Settlements include payments of $20,000 by each individual defendant
Two Seattle-based companies and their owners, Kurt Tripp and Ngoc Ly, have settled Federal Trade Commission allegations that they falsely represented Native American-style carvings as authentic Native-made artwork. As part of the settlement, the two individual defendants will each pay $20,000 as disgorgement, be prohibited from misrepresenting that their Native American-style artwork was made by Native Americans, and be required to follow procedures to prevent such misrepresentations at the retail level for products they offer at wholesale.
The FTC complaint, filed in federal district court, alleges that the defendants misrepresented that the artwork they produced and sold was the work of Eskimo carvers Ron Komok and Eddie Lyngoc. Eddie Lyngoc is a pseudonym for Ngoc Ly, and Ron Komok is an Eskimo, who did not actually produce the several thousand carvings attributed to him. The complaint also alleges that the carvings produced by Ly were sold by Ivory Jack's at wholesale to retail shops throughout Washington and Alaska and represented as Native-made. Ly also sold the carvings in his retail store representing the pieces as Native-made. The artwork sold at retail for between $120 to $4,000 or more, with the most popular pieces selling for between $250 and $500.
In addition to providing the artwork, the complaint alleges, the defendants provided shopowners with biographies describing Ron Komok's Native-American heritage and training in carving, and hangtags stating that the carvings sold by Ivory Jack's are Native-made.
The proposed consent decrees settling these charges, subject to court approval, would prohibit the defendants, in connection with the sale of Native-American style art objects, from representing that any such object is Native-made or that any such object is made in Alaska or made from materials of Alaskan origin, unless such is true and from misrepresenting the source of such objects, their country of origin, or the materials from which they are made.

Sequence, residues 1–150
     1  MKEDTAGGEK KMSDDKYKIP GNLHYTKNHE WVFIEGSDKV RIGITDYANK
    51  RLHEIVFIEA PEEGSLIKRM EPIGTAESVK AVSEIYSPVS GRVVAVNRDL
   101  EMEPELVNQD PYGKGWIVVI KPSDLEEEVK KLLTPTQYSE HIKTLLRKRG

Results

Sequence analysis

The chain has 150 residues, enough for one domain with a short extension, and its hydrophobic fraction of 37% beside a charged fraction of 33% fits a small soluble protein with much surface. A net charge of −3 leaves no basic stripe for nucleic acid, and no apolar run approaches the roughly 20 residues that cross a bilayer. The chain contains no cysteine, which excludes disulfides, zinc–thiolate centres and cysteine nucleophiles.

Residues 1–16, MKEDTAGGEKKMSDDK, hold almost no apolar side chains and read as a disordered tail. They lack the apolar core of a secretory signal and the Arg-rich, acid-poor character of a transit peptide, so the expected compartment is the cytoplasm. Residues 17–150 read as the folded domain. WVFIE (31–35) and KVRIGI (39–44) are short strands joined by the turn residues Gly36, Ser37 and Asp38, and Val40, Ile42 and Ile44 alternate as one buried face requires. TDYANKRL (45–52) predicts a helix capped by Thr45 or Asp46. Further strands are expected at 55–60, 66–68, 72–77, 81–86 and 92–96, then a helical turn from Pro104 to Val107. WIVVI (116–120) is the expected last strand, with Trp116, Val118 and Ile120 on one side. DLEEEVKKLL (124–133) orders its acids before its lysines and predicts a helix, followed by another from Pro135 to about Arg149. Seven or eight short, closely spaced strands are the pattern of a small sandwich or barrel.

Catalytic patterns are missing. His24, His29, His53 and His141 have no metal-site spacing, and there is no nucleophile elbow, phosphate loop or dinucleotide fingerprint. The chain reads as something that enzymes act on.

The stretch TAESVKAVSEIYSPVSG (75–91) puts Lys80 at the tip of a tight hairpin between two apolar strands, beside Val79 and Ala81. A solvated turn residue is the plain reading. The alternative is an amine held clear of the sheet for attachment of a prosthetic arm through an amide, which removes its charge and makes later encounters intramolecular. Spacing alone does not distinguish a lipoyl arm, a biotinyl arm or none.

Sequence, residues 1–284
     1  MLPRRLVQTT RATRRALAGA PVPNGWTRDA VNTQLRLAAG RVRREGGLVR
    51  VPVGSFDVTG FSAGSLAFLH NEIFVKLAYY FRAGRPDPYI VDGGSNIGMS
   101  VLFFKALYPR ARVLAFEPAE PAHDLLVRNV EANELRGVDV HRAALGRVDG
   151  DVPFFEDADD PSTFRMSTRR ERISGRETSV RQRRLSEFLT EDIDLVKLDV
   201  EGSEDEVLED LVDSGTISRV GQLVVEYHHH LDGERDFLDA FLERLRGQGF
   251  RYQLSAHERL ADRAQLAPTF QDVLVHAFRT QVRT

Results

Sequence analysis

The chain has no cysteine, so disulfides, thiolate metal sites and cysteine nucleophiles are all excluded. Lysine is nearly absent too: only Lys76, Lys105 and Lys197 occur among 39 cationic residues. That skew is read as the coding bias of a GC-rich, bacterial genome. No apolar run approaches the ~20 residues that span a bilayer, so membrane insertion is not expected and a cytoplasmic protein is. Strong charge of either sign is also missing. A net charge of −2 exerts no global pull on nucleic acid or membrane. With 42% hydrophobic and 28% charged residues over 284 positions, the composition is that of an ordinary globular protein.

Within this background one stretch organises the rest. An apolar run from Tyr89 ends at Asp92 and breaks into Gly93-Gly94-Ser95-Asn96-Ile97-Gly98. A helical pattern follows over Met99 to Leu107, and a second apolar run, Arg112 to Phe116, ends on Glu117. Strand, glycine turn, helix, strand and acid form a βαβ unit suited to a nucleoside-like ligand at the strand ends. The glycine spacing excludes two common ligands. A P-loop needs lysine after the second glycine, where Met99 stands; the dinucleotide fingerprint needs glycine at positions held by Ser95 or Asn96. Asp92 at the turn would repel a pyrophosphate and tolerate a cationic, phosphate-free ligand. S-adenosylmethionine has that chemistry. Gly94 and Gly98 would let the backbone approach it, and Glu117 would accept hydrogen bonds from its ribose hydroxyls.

The settlements would require the defendants, when purchasing Native-American style art objects for resale, to confirm from the supplier, the place and manner in which the object was produced, in order to determine whether the object can lawfully be represented as Native-made. In addition, for each art object that the defendants sell at wholesale, they must be able to validate the authenticity of the pieces by having a written description of the artist who created the object. The description should include information such as where the artist was born, where he/she resides, whether he/she is affiliated with any tribal organization, and if so, the name, and whether the artist uses a name other than his/her legal name, and if so, the artists' true name.
The settlements would also require the defendants to clearly and conspicuously label all Native-made objects valued at $100 or more and offered for retail sale as being Native-made. The defendants would also be required to prominently display a poster where retail customers can see it before making a purchase, stating that only those items marked "Native-made" are made entirely by Native Americans.
In addition, the consent decrees would require the defendants to notify past wholesaler customers of the terms of the settlements and to advise past customers that they cannot sell the work of specific artists, Eddie Lyngoc and Ron Komok, as Native-made.
Finally, the proposed settlement contains various reporting provisions designed to assist the FTC in monitoring the defendants' compliance.
The FTC's Seattle Regional Office handled the investigation. They received tremendous assistance in this matter from the Alaska Attorney General Office.
The Commission vote to authorize filing of the complaint and proposed consent decree was 5-0. They were filed on April 11, 1996, in the U.S. District Court for the Western District of Washington, in Seattle.
NOTE: This consent decree is for settlement purposes only and does not constitute an admission by the defendants of a law violation. Consent decrees have the force of law when signed by the judge.
Copies of the complaint and consent decrees are available from the FTC’s Public Reference Branch, Room 130, 6th Street and Pennsylvania Avenue, N.W., Washington, D.C. 20580; 202-326-2222; TTY for the hearing impaired 1-866-653-4261. To find out the latest news as it is announced, call the FTC NewsPhone recording at 202-326-2710 FTC news releases and other materials also are available on the Internet at the FTC’s World Wide Web site at: http://www.ftc.gov
(FTC File No. 942-3034)
(Civil Action No. C96-563C)
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